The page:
Surely, it would be easier to run the paper and pulp mills, which are so important to Finland, if all those involved in the work had a common picture of the current situation of the mill. Most of the time, however, there is no such common picture. Yet, we have the technology for it.
Reception of wood, debarking, cooking, washing, causticizing, lime kiln, evaporation, bleaching, drying, storage, power plant, water treatment, paper and board machines are all separate but interdependent process components. At present, one component usually does not have a real-time picture of the situation at another component – for example, whether there is a problem that could potentially cause disruption to other components. The walls between the various components are unnecessarily high and thick.
Presumably, however, all those involved want to run the mill efficiently, that is, so that it generates as much money as possible, and with it jobs, taxes and affluence in general.
In the current situation, the production lines or departments and their managers have their own targets, KPIs and budgets, as well as incentives based on these. This results in sub-optimization. And when neighboring departments do not know each other’s situation, it is very difficult, if not impossible, to achieve the optimal production process flow. On the other hand, if we could minimize imbalances between the mill departments, this would eliminate quality variation due to the shutdown and ramp-up cycle. As is well known, discontinuities always cause quality deviations and at least higher costs.
First aid is obtained by visualizing the same snapshot for everyone. It allows people to make better decisions for their department right away. Often, they will also be able to support the activities of a neighboring department, which is beneficial to all. In this way, you can achieve small victories at first, which encourages people to make bigger changes.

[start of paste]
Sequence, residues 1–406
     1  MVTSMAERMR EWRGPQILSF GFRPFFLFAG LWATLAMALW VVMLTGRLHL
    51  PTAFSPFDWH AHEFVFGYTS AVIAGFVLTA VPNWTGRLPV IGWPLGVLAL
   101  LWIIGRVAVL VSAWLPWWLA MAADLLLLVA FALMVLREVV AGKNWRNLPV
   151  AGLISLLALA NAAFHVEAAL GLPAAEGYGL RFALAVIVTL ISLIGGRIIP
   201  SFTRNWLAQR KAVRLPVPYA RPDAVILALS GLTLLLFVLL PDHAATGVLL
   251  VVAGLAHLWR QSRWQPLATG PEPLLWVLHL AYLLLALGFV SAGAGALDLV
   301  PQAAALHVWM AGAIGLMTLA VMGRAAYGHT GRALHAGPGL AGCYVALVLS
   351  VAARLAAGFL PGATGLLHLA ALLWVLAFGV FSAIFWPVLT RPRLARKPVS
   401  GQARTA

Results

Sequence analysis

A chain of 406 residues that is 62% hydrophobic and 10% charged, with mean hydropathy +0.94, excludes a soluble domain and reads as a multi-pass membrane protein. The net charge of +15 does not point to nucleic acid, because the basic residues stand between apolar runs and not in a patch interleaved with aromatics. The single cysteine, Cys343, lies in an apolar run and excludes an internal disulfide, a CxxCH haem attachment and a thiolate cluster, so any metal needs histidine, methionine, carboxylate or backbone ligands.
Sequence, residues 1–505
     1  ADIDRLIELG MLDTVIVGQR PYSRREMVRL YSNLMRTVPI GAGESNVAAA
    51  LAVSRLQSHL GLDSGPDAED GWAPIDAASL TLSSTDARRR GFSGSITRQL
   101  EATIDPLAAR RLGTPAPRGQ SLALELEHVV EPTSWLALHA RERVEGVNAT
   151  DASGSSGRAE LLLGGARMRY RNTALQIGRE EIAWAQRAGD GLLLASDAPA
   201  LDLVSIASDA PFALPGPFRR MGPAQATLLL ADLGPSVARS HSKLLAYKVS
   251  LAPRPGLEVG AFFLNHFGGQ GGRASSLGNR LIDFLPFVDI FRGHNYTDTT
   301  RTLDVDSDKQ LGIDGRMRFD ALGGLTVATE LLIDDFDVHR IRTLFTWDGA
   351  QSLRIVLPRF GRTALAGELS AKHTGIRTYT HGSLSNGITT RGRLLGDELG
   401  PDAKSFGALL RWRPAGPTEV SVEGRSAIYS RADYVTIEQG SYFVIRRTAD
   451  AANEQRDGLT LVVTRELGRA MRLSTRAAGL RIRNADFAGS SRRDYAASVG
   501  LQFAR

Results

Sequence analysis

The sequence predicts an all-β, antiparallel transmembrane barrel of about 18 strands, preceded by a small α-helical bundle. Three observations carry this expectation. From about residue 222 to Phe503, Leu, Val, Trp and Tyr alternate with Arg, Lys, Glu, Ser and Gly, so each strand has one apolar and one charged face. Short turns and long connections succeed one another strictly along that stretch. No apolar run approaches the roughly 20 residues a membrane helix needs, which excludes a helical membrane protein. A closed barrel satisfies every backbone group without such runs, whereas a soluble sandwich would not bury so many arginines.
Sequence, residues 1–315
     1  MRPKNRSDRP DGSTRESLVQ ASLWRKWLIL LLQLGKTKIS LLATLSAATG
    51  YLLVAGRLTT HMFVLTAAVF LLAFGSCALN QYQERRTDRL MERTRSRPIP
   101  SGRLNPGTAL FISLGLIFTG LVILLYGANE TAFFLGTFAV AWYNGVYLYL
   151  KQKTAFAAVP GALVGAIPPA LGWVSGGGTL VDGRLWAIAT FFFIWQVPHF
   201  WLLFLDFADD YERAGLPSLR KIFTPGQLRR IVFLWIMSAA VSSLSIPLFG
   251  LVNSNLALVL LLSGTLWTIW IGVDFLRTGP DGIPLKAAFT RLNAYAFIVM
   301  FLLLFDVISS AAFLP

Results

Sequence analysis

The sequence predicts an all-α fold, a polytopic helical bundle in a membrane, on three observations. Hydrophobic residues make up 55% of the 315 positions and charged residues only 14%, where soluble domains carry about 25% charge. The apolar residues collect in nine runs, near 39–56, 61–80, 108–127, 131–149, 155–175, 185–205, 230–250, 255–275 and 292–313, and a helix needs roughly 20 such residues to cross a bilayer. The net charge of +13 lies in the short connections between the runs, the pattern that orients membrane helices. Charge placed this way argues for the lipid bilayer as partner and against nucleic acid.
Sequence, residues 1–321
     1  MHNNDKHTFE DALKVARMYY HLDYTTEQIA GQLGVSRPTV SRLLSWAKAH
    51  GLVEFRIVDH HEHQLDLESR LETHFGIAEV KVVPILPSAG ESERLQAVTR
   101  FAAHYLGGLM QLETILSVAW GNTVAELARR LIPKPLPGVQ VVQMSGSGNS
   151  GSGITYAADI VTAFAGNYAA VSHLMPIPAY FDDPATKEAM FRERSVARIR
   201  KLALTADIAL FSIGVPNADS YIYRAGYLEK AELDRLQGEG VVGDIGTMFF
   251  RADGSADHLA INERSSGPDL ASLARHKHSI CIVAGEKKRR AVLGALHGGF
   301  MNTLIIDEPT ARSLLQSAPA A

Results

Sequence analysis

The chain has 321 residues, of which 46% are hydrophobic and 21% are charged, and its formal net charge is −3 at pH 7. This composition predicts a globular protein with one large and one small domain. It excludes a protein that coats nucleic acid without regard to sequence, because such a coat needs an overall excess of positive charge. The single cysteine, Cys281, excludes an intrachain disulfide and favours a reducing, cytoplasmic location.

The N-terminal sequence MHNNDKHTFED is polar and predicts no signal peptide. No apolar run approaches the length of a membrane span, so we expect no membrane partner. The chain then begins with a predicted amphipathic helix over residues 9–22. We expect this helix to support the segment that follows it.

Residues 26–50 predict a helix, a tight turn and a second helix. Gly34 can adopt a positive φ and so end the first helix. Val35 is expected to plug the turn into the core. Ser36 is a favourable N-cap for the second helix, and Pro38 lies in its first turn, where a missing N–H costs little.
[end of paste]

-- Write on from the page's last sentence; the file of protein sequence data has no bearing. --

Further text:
Gradually, there will emerge a readiness to move to joint proactive planning of operations. Everyone will benefit from the smooth running of the mill, reduced shutdown and ramp-up cycles, more uniform quality, higher yield, more timely maintenance, and so on. End customers, on the other hand, will praise the improved delivery reliability. We are dealing with a process of change in which the way people work must change. This requires active and encouraging leadership. Change can be effectively promoted by paying attention to the metrics of activities.
In certain cases, a common snapshot of the situation can lead to decisions being made at a lower level in the organization. Continuous production, which is typical in the process industry, also means the need for 24/7 decision making. For example, a work shift team may have extensive knowledge and the ability to make the right decisions quickly, also at night and on the weekends, as long as they have a common snapshot at their disposal.
In a highly competitive global environment, measures to increase production efficiency, such as a common snapshot, can have a major impact. Maybe the winner in this competition is the company that first dares to take advantage of the competitive edge that is on offer.